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FALL ON ROCK, INADEQUATE BELAY–ROPE RAN OUT, Colorado, Boulder Canyon, Animation

FALL ON SNOW, WEATHER, GEOLOGY

Colorado, Maroon Bells, Bell Cord Couloir

On May 30, Kip Ryan White (49), an experienced climber and indie singer- songwriter, died in a fall in the saddle between North and South Maroon Peaks outside Aspen. White and his son Jordan (19) fell 400 feet while descending the 50-degree, narrow, east-facing Bell Cord Couloir. The climbers were belaying one another, unanchored, when one of them lost purchase. Jordan, knocked unconscious, with his helmet split open on a rock, awoke moments after the accident to find his father 40 feet downhill and already dead.

Suffering from a mild head injury himself, Jordan down-climbed 600 feet of steep terrain before beginning a two-mile descent to Maroon Lake. He spent a cold, exposed night under a patch of trees before hiking out early Tuesday morning to drive his father’s truck to the Aspen Valley Hospital.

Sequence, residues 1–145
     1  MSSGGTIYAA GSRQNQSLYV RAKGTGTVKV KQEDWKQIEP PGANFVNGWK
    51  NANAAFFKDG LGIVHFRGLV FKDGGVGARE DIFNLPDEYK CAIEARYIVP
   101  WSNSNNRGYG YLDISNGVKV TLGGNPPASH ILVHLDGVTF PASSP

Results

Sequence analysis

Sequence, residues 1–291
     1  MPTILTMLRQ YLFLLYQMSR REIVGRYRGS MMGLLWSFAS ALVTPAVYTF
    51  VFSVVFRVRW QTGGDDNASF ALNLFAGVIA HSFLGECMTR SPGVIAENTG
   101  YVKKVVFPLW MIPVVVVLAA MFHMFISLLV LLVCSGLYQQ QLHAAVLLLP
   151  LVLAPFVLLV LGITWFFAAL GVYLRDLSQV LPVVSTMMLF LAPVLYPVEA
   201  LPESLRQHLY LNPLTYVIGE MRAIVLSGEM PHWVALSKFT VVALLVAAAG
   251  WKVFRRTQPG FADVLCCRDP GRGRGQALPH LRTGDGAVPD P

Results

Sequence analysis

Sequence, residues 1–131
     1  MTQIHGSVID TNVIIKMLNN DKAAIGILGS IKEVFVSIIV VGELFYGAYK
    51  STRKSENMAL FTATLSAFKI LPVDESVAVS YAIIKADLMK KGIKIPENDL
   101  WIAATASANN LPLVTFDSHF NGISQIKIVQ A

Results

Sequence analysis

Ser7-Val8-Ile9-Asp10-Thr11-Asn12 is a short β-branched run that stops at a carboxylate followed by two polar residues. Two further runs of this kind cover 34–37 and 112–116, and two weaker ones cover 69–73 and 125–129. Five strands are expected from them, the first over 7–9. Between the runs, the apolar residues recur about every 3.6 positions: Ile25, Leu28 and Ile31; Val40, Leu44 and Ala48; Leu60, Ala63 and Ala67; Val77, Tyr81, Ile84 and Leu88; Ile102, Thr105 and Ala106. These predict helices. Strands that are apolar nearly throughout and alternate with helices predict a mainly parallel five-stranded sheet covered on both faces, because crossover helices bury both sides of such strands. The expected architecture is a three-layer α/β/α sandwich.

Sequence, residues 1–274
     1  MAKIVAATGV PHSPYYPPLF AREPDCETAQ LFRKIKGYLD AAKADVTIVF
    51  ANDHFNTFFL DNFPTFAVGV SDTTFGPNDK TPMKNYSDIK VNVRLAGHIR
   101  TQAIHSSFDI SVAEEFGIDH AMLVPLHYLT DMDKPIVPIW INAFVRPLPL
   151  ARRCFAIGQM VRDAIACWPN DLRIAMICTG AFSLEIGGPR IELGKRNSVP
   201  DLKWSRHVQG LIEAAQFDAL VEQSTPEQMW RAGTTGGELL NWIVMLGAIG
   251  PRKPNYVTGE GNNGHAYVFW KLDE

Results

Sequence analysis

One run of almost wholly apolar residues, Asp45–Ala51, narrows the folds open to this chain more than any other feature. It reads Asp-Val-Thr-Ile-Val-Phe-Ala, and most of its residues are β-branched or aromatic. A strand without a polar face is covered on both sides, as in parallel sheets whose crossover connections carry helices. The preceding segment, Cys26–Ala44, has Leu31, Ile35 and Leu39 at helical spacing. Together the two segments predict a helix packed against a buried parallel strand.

Analysis

The Bells have a grim history. “There used to be several fatalities a year,” Lou Dawson, a prolific climber and guru of Colorado fourteeners, told the Aspen Daily News. “A rope is problematic if the rock is loose because there’s no place to anchor it.” The notoriously loose Bells have claimed other local mountaineers, including Greg Mace, a prominent member of Aspen Mountain Rescue. The relative danger of the Bells, coupled with their easy access, have led the U.S. Forest Service and Mountain Rescue Aspen to call them the “Deadly Bells” as a warning.

Mountain Rescue Aspen believes that the weekend’s poor weather contributed to unfavorable snow conditions—a thin crust layer over several inches of mush—causing the father-and-son team great difficulty in self-arresting once their fall began. “You just keep sliding,” Dawson told the newspaper. “That’s what happened to Greg Mace, and he knew what he was doing.”

Kip White had summited numerous fourteeners since moving to Colorado in 1979. The father-and-son team had endeavored to be cautious on South Maroon Peak, and turned back at the 13,800-foot saddle because of deteriorating weather. (Source: Edited from a report by Courtney Belcher, news@bigstonepub.com)